45 IAS panel deliberations The IAS panel favored efforts to achieve optimal levels of atherogenic cholesterol in primary prevention. However, the intensity of this effort should be conditioned by considerations of long-term risk, costs of intervention, and safety. The panel emphasized that all persons at risk deserve maximal lifestyle therapy. Use of statins generally should be reserved for persons at high or moderately high risk. The judicious use of lifestyle therapies plus the availability of generic statins nonetheless will make it possible to inexpensively attain optimal LDL-C levels in most patients. Whether to use statins in moderate-risk individuals depends on clinical judgment and national policies. Their use should be considered for persons with high or very high LDL-C concentrations. Women should be treated similarly to men when long-term risk is similar. Statin therapy has been shown to reduce risk in older persons; they should not be excluded from therapy when risk is moderately high or high. Nonetheless, clinical judgment is required for decisions about drug therapy in older persons. They frequently are treated with multiple drugs, and the costs and possibilities of drug interaction must be kept in mind.320 Recommendations To reduce long-term risk for ASCVD in primary prevention it is ideal to achieve atherogenic cholesterol in the optimal range. Several factors must be kept in mind when deciding how low to drive atherogenic cholesterol. Lifestyle therapies are first-line intervention; but depending on risk status, drug therapies may be necessary. A general recommendation for adjusting intensity of therapy to absolute risk is shown in Table 8.

Management of nonlipid risk factors in primary prevention Every major risk factor deserves clinical attention. Nonlipid risk factors either accelerate atherogenesis or predispose to thrombotic events. It is true that cholesterollowering therapy will reduce risk for ASCVD events in the presence of all other risk factors. This fact is behind the concept of treating ‘‘risk’’ with LDL-lowering therapy. In primary prevention, however, attempting to treat nonlipid risk factors with LDL lowering alone fails to achieve the benefit that can be obtained by therapy directed at other major risk factors. For instance, using cholesterol-lowering drugs to treat cigarette smoking or hypertension in young adults is inappropriate management. Cigarette smoking is a major risk factor for ASCVD but has many other adverse effects (eg, lung cancer, chronic obstructive pulmonary disease and other cancers). The World Health Organization (WHO) gives a grim picture of tobacco-induced illness worldwide (WHO Fact sheet No. 339May 2012).321 Tobacco kills approximately 6 million people per year. Approximately half of those who use tobacco are killed by it. The world has approximately

46 Table 8

Journal of Clinical Lipidology, Vol 8, No 1, February 2014 IAS Recommendations for cholesterol-lowering therapy at different risk levels

Risk level to age 80 years

Low (,15%)

Moderate (15%–24%)

Moderately high (25%–40%)

High (.40%)

Therapeutic intensity Specific therapy

Public health recommendation*

Moderate MLT1CLD optional†

Moderately high MLT1CLD consideration‡

High MLT1CLD indicatedx

ASCVD, atherosclerotic cardiovascular disease; CLD, cholesterol-lowering drug; MLT, maximal lifestyle therapies. *Persons at low risk for ASCVD should be treated according to national recommendation for the general public. These recommendations should accord with IAS recommendations for lifestyle therapies. †Cholesterol-lowering drug therapy usually reserved for patients with high levels of atherogenic cholesterol. ‡Statin therapy is widely recommended for this risk category, although it is not accepted in many countries because of cost considerations. If drugs are employed, the dose should be adequate to achieve optimal atherogenic-cholesterol levels. xCholesterol-lowering drug therapy is usually indicated in this category. The dose should be adequate to achieve optimal atherogenic-cholesterol levels.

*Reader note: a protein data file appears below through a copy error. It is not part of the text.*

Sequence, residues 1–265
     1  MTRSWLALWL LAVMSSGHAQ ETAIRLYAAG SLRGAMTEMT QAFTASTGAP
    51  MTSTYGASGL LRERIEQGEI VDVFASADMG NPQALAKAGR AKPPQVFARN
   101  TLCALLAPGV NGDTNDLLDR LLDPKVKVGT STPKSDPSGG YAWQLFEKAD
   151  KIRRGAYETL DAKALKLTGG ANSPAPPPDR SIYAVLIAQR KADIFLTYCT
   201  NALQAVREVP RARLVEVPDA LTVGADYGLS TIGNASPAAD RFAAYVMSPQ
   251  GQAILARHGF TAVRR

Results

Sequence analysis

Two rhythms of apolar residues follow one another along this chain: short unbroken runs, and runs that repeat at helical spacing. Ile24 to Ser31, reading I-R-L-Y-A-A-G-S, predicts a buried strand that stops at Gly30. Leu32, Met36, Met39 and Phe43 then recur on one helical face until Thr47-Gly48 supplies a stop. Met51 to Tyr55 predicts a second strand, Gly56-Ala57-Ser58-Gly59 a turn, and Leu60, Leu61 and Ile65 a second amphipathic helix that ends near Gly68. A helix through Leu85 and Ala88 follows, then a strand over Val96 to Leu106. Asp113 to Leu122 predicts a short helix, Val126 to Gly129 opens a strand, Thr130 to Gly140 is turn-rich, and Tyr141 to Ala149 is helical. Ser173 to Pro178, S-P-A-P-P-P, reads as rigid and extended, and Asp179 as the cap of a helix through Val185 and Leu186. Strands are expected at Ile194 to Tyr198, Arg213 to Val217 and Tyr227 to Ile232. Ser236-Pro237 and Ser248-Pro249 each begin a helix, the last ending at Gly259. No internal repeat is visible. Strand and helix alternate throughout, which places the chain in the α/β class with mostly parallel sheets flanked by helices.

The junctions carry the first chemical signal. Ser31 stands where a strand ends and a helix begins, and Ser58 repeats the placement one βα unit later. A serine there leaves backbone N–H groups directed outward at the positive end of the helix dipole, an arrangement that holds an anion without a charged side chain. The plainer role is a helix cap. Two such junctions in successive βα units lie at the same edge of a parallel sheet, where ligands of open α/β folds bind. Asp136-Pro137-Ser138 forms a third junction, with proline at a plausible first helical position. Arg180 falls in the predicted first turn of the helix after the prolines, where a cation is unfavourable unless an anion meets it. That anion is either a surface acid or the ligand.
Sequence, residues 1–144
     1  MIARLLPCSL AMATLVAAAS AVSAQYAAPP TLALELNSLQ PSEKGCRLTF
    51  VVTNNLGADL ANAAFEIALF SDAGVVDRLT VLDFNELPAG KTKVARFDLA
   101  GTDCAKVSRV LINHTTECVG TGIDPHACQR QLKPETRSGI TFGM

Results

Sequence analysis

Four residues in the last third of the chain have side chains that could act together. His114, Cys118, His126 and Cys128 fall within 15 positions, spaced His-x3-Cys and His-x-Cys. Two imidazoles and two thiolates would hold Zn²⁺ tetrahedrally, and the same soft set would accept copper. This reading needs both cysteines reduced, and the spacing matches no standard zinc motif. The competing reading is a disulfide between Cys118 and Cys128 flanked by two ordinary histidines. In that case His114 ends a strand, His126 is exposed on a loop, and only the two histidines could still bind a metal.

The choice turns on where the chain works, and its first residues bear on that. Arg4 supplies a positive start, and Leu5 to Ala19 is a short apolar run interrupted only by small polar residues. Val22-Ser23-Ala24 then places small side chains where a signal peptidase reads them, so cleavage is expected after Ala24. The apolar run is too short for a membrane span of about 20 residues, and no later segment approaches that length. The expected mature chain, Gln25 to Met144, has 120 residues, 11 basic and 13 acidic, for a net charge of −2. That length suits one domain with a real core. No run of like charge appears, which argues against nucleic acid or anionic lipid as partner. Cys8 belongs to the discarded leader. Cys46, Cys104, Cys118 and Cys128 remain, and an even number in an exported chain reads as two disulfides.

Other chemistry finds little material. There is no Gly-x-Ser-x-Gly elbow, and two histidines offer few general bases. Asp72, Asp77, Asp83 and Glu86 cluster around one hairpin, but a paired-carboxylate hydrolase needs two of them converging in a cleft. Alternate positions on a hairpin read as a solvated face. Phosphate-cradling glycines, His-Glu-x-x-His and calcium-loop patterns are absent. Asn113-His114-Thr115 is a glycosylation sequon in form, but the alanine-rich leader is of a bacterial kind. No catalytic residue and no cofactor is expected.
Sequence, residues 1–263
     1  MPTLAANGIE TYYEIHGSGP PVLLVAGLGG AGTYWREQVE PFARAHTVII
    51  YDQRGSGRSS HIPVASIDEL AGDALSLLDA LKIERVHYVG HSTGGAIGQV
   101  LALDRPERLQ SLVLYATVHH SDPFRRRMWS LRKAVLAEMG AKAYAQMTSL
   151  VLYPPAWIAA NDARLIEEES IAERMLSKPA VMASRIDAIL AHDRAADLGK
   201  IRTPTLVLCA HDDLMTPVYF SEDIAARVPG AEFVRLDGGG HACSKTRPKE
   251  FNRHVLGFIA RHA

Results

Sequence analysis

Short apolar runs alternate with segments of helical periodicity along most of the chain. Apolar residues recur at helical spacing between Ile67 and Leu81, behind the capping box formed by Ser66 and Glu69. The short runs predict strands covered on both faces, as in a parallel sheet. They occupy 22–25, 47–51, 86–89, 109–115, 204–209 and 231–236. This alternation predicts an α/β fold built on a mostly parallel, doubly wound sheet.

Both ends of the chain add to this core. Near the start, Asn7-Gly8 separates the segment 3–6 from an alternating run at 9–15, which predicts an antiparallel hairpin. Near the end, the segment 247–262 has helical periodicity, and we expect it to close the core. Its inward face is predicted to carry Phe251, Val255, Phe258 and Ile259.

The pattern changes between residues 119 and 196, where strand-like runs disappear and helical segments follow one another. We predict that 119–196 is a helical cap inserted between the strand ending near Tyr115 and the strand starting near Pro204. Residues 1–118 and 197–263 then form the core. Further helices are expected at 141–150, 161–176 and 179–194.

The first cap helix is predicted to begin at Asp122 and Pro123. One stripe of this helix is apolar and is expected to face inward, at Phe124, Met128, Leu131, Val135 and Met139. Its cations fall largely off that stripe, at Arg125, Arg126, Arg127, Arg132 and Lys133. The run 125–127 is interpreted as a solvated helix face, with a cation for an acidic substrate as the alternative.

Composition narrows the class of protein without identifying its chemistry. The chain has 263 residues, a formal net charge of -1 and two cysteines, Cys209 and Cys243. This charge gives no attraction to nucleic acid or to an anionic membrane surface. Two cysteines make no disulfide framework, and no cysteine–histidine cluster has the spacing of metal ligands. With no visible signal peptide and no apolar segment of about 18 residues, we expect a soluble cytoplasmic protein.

one billion smokers, and most live in low- and middleincome countries. Tobacco use is increasing throughout the world. Thus clinical management of cardiovascular risk must stress smoking cessation or preventing tobacco use. Cessation of tobacco use should be an integral part of maximal lifestyle therapy. Hypertension Increased blood pressure is a major risk factor for CHD, stroke, peripheral vascular disease, and kidney failure ( prevalence_text/en/index.html). Hypertension causes about 13% of all deaths (7.5 million deaths per year). It occurs in approximately 40% of people older than 25 years of age. Almost 1 billion people have uncontrolled hypertension. Among the major risk factors for ASCVD, hypertension is the foremost cause of disability.322 Lifestyle factors (obesity, high salt intakes, alcohol) contribute importantly to development of hypertension; but once hypertension takes hold, it can usually be controlled by judicious use of inexpensive anti-hypertensive agents. Diabetes is widely recognized as a major contributor to ASCVD. According to the WHO, 347 million people have diabetes; and in 2004, 3.4 million died from this disease. Most diabetes occurs in low- and middle-income countries; but high-income countries with a high prevalence of obesity are by no means immune. The WHO projects that the presence of diabetes will increase by two-thirds in the next 20 years. An elevation of plasma glucose predisposes to microvascular disease, notably kidney failure and blindness; but there is considerable evidence that hyperglycemia either accelerates atherosclerosis or underlies ASCVD events. Most diabetes is type 2 and is often accompanied by other cardiovascular risk factors. The combination of hyperglycemia and other risk factors is commonly designated a high-risk condition for ASCVD events. In some populations the risk associated with type 2 diabetes approaches that of established ASCVD.26 But, in other populations this is not true. Whereas hyperglycemia per se may be a risk factor, it cannot be universally identified as a CHD risk equivalent. When combined with other risk factors, the combination clearly enhances risk. Because the relation of diabetes and